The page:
Biden’s State Dinner Guest Has Blood on His Hands
by Nick Gier
There will be a deafening silence when it comes to the human rights crisis in India. —Sen. Bernie Sanders, Narendra Modi’s 2019 visit
On February 27, 2002, a train loaded with religious pilgrims arrived in the Indian state of Gujarat. Soon after the train’s arrival, a fire broke out in one of the coaches, and most of the 94 people burned alive were these Hindu militants.
Hindu nationalists claimed that Muslims set the fire, but every single objective investigation concluded that it was an accident caused by an unattended stove. Nevertheless, anti-Muslim attacks spread throughout Gujarat and the final toll was over 2,000 killed.
Prime Minister Modi and Religious Violence
Narendra Modi, then Gujarat’s state minister and now India’s prime minister did nothing to stop the pogrom against Muslims. About 250 mosques were destroyed (statues of Hindu deities were placed in many of the ruins) along with hundreds of Muslim homes.
Trying to deflect charges that he was responsible for violence against Muslims, Christians, and Dalits (formerly “untouchables”), Modi responded that he was just a passenger in the backseat of a car that ran over a puppy. Modi was too obtuse to realize that the car is an analogue of state agencies for which he is directly responsible.
The Indian Commission on Human Rights found that there was “premeditation in the killing of non-Hindus and complicity by Gujarati State government officials.” Historian K. N. Panikkar concurs: “What happened in Gujarat was an organized massacre of Muslims with the state’s active complicity and connivance.”
Hindu Nationalists and Nazism
A report of the Indian Human Rights Commission condemned the Modi administration for “promoting the attitudes of racial superiority, racial hatred, and the legacy of Nazism.” The swastika comes from ancient India, and many Hindu nationalists use the symbol and claim to be more Aryan than any European. Modi has refused to change his state’s school curriculum, which praises the achievements of Nazi Germany and describes Hitler as a “charismatic” personality.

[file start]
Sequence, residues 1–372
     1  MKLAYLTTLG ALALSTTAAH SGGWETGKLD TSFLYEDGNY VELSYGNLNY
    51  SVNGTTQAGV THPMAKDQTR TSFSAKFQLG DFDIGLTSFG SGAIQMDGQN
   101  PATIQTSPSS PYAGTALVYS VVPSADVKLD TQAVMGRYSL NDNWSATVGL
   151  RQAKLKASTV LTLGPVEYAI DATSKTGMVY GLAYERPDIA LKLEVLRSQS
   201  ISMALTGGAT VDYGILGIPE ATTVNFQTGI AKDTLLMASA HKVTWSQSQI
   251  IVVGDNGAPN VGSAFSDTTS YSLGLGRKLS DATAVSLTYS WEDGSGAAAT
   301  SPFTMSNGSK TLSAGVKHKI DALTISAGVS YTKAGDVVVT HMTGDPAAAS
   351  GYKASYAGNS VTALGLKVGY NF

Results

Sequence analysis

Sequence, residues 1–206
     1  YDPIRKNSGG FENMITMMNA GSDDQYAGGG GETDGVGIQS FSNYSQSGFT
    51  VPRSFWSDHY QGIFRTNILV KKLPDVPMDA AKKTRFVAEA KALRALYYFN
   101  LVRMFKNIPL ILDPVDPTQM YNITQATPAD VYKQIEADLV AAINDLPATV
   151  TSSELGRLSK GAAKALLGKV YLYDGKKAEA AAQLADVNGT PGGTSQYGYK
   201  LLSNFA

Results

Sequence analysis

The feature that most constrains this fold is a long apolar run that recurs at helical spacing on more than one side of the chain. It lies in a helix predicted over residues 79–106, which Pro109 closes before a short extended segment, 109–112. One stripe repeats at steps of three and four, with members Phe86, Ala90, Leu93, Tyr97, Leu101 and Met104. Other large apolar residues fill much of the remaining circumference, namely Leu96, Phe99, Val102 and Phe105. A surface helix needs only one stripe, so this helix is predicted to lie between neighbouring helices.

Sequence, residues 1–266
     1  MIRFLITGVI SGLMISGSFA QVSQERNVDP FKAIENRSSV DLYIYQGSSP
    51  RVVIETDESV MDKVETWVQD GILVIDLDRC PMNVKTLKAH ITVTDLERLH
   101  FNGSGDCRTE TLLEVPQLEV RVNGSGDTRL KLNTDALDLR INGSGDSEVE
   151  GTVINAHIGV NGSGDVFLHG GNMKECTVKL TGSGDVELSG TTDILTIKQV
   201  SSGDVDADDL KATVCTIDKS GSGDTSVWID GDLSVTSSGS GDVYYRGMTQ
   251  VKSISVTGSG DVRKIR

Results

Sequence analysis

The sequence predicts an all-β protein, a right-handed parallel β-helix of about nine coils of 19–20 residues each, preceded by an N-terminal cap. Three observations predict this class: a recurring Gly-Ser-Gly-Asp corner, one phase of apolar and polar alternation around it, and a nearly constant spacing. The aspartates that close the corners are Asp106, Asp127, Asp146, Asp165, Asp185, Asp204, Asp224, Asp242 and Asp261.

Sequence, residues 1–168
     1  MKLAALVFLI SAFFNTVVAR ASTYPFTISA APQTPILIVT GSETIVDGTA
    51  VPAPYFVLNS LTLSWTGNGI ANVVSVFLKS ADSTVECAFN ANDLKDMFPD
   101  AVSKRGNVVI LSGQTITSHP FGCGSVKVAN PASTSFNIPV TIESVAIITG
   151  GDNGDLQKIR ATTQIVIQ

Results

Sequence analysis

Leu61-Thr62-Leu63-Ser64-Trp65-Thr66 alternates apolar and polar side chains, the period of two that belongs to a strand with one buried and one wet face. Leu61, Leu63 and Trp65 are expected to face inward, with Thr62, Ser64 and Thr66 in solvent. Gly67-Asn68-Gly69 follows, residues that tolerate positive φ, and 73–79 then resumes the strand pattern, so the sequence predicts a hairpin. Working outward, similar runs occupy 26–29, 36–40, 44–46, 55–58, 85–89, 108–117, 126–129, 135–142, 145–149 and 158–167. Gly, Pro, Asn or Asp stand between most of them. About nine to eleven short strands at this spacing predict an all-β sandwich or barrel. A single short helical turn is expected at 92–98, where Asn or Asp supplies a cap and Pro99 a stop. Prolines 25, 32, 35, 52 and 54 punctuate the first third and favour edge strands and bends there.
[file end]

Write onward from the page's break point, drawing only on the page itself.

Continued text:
Modi Banned from American Travel
In 2004 the U.S. Commission on International Religious Freedom investigated the Gujarat violence, and it concluded that Modi was guilty of failing to stop the attacks. (For the last four years this same body reaffirmed its deep concern for violations of religious freedom, including the deaths of Muslims.) Because of this report the U.S. State Department decided, in 2005, to ban Modi from traveling to the country.
The travel ban was lifted in 2014, when Modi was elected prime minister by a huge margin, and his Hindu nationalist party continues to rack up victories throughout the nation. Suppression of human rights, especially of the Muslim minority of 200 million, is a daily occurrence. Rahul Gandhi, Indira’s Gandhi’s grandson and current Congress Party leader, has been kicked out of Parliament for criticizing Modi at a political rally.